Ports and airports are often being shut down due to various concerns. Even if they are not outright closed, the flow of goods and people is slowed to a crawl. This means most companies that ship goods internationally flock to the same destinations. And as a result, the severity of all the issues we have previously noted is further exacerbated.

Delays Wreaking Havoc

One of the worst challenges facing anyone trying to engage in the import or export of goods right now is the endless delays. They happen because of the previously mentioned problems with global shipping. However, what is particularly harmful to international import and export companies is the need to stick to the promised schedules. If you have signed a contract to deliver a specific amount of goods by a set date, you would be found in breach of that same contract. And losing a client is the least of what could happen as a consequence.

Potential Solutions

Closer Suppliers

One of the simplest solutions to combat the global shipping crisis is prioritizing closer or, preferably, local suppliers. This would allow you to focus only on the export portion of your business if you’re an exporter or avoid importing over seas and through ports. And, as such, reduce delays. Of course, this may be not only unsustainable but also an invalid way of doing business for companies who have built themselves around the import of goods.

AI Development

It is a prevalent belief that the only way to sort out the chaos amidst the global shipping crisis is to rely on programs. After all, if something could track all shipments worldwide, it could organize them into something manageable. The problem with this solution is, unfortunately, obvious. First, the time and resources needed to develop such sophisticated logistics AI are immense. It would mean not seeing a viable solution for months, if not years. Secondly, it would require a far closer degree of cooperation from former competitors than most would feel comfortable with.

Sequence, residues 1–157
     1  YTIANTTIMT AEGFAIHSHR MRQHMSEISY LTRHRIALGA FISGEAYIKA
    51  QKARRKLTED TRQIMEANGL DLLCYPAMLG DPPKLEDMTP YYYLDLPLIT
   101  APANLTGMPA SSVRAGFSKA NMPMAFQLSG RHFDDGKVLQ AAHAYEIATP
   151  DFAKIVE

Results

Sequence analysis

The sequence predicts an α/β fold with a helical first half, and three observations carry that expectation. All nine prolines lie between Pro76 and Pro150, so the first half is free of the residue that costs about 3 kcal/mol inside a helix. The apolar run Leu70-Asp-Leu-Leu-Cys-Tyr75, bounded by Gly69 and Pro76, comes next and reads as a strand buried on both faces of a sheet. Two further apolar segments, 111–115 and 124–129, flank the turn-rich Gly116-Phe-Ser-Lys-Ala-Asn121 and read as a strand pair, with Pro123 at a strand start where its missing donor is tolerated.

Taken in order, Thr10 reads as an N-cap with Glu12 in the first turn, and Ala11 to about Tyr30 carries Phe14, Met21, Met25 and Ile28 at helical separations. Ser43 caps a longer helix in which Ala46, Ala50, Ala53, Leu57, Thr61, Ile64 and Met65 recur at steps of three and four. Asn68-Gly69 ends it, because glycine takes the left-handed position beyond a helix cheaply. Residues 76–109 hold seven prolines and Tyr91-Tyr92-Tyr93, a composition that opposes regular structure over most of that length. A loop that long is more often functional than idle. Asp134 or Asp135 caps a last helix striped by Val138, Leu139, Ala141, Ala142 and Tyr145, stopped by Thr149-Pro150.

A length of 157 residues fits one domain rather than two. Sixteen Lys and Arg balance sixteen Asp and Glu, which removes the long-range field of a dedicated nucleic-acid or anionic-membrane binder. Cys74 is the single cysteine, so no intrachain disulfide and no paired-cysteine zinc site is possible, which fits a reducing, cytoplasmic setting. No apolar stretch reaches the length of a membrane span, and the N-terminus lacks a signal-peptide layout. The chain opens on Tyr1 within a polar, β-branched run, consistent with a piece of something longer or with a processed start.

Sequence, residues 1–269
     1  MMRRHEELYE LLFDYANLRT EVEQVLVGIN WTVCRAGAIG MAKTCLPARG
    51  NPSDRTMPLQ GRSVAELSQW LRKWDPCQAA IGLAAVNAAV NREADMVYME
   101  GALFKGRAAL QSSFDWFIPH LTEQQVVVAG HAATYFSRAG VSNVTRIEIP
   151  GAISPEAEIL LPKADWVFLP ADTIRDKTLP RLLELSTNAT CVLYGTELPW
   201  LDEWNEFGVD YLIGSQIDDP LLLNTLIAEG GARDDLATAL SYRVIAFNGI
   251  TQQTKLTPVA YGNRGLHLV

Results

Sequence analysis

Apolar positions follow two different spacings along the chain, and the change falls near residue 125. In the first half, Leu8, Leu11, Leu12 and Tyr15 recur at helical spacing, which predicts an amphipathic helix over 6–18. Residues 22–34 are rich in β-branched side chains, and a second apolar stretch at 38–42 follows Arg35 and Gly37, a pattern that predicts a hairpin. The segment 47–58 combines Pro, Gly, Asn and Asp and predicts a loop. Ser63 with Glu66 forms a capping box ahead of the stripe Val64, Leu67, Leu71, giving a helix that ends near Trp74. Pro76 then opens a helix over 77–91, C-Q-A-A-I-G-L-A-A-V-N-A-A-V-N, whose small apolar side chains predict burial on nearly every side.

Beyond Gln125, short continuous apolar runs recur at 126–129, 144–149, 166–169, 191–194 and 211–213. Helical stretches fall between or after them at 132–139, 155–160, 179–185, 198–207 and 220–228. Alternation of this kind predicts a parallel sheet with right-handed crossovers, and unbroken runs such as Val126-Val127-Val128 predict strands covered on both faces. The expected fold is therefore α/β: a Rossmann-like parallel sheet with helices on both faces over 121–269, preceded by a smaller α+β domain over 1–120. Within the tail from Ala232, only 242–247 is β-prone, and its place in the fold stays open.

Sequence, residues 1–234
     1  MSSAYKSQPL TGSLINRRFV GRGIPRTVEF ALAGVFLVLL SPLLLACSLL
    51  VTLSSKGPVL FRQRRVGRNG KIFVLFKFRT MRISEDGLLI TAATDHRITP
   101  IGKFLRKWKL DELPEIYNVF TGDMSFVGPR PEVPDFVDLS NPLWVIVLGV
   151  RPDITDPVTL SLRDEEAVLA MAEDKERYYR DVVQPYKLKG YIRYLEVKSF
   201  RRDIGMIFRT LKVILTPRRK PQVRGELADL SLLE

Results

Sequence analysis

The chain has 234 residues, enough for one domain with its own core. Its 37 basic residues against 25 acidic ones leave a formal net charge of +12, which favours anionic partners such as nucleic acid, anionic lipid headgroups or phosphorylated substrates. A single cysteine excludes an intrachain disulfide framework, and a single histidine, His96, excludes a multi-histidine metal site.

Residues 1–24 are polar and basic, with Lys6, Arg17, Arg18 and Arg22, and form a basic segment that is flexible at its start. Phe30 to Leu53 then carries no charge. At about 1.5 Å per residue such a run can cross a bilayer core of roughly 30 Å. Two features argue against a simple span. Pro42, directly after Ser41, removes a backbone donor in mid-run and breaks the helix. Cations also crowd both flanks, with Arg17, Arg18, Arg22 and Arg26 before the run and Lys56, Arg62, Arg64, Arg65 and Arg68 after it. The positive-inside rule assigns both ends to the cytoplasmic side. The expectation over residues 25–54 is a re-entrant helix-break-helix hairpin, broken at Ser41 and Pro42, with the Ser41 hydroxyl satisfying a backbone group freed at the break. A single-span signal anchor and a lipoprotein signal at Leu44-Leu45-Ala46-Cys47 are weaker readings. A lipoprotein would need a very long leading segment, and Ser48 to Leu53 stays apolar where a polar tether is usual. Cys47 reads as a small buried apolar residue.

Higher Level of Cooperation

In the end, the only short-term solution available is close cooperation between shipping companies and the various import and export businesses, which is exactly what everyone is currently trying to secure. If you can find a reliable partner, you would have a way to get goods where they need to go, and the shippers would have goods to move. Unfortunately, we have already discussed one of the issues from such a scramble – the spike in shipping costs as everyone tries to offer more money to have their goods moved.  

Final words

Now that you know how bad the global shipping crisis truly is and what to do about it, it should be obvious there is a lack of a quick solution. For the time being, most experts agree that these problems are unsolvable. Yet, things will only get grimmer unless something changes soon.

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This was a guest post by Matthew Rayden.

Author Bio:

Mathew Rayden has worked in the shipping industry for over a decade, with a recent shift towards a managerial position in an import/export company. He also loves to write blog posts dealing with various challenges that the industry is going through and that he has personally experienced in his work.